New HEIGHTS Mural Holds Decades of History


A beautiful new mural has been installed at Heights High across from the media center on the first floor at Heights. The letters H-E-I-G-H-T-S are 4 feet tall and together the word is 22 feet long. Each letter is filled with historic images in a collage of our history.

Created by Heights Schools Foundation (HSF) via a special gift from the Class of June 1952, the mural contains more than 200 scanned photos. The photos were found in Caldron yearbooks from Heights High history, beginning in 1924 and continuing up to 2020. Historical Archives volunteers Sherrie Duerr ’64 and Art Goldstein ’66, along with staff Betsy Friedlander ’90 and Jillian White, helped select and scan photos and the digital design work was done by Drew Dallet of Boom Creative.

A few years ago, former Heights High principal Byron Hopkins asked HSF to think of a way to add more historical photos to the building. “I loved the idea, but also wanted to be sure that the photos would mean something to today’s students as well as visiting alumni. I started to imagine that photos from across the many years of Heights High would blend together, acknowledging some of the shared experiences that we’ve had as Heights students over time. There’s a photo of a student dance from 1935, and 1978 then a dance from 2015. Those decades might divide us by time, but a dance is still a dance,” said Julianna Johnston Senturia ‘87, HSF executive director.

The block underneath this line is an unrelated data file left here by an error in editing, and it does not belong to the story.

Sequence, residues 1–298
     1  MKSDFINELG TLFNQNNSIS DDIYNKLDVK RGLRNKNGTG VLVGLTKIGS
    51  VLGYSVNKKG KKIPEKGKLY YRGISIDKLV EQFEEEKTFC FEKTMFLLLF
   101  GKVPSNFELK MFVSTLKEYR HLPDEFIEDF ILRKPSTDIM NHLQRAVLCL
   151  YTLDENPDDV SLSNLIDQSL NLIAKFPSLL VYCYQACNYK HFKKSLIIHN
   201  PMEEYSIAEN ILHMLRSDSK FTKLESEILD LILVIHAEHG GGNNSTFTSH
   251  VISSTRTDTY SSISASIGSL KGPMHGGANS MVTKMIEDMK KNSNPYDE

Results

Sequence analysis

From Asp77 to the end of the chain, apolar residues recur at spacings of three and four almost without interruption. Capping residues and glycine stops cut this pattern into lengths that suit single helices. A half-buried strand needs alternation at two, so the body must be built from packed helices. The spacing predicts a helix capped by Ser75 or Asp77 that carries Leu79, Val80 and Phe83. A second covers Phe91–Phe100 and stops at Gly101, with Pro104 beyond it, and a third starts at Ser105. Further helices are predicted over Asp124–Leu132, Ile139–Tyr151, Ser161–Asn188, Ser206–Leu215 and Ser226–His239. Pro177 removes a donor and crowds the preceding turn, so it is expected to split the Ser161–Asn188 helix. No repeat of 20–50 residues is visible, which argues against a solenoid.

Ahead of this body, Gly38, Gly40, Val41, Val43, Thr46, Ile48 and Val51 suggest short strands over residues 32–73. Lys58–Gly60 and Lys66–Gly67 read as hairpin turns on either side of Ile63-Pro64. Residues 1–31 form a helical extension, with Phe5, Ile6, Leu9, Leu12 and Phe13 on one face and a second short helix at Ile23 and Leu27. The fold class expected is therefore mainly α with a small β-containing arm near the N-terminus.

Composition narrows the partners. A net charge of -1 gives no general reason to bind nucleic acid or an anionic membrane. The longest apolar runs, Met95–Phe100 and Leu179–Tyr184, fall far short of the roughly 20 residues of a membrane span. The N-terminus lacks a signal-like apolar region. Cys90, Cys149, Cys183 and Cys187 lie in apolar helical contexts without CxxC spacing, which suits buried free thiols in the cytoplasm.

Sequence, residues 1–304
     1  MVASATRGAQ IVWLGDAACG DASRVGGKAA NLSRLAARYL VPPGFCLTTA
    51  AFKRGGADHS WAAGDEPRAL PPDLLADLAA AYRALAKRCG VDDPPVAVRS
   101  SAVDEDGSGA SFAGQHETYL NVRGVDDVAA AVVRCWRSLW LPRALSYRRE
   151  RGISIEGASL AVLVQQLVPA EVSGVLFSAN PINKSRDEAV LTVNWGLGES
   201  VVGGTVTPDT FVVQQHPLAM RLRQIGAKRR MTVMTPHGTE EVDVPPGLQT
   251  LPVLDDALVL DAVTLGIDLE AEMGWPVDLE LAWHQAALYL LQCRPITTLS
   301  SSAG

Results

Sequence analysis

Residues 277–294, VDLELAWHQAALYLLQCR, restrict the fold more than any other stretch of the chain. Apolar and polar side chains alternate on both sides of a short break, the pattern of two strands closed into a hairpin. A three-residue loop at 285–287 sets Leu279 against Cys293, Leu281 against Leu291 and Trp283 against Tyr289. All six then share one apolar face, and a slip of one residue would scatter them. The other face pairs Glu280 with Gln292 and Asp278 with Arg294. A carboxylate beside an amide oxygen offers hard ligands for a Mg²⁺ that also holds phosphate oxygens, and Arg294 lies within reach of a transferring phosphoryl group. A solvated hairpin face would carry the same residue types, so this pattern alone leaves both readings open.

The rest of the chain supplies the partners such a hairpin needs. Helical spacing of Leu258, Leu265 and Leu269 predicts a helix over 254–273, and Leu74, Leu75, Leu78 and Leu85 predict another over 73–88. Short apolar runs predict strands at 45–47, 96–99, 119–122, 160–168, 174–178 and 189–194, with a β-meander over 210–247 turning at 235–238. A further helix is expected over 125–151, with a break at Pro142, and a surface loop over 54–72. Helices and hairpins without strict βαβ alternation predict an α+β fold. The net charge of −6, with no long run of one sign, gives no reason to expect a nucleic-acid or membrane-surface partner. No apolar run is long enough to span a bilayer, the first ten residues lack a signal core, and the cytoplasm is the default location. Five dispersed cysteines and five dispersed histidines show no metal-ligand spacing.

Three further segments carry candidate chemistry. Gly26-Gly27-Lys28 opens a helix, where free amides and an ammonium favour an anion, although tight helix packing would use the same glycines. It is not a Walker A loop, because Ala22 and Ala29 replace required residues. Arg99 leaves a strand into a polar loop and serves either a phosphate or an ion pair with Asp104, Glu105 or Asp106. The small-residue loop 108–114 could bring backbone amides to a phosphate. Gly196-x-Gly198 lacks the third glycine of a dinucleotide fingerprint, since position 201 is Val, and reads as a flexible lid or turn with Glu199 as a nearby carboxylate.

Then, a reach out from the Class of June 1952 led to the right match. The class wanted to make a contribution to Heights as they were closing out an old reunion account. The timing was perfect and the project started to take shape. Each person who added to the project helped make it even more special. Hours and hours of scanning yearbooks led to an amazing collection of photos that make the final mural so meaningful. Dallet’s approach to colorizing some of the photos added a cohesiveness to the design. In the end, decades of experiences are merged and feel timeless as a whole. The final mural represents how our history is woven into who we are today. The past is ever present, even as we are poised for the future.

Kurt Cummings ’90, Heights staff person, was at the school during the installation of the mural. His first impression was that the mural was “classic.” After looking over the photos, and recognizing some old classmates, he summed up the new piece and all it represents: “There’s a lot of history in those seven letters.”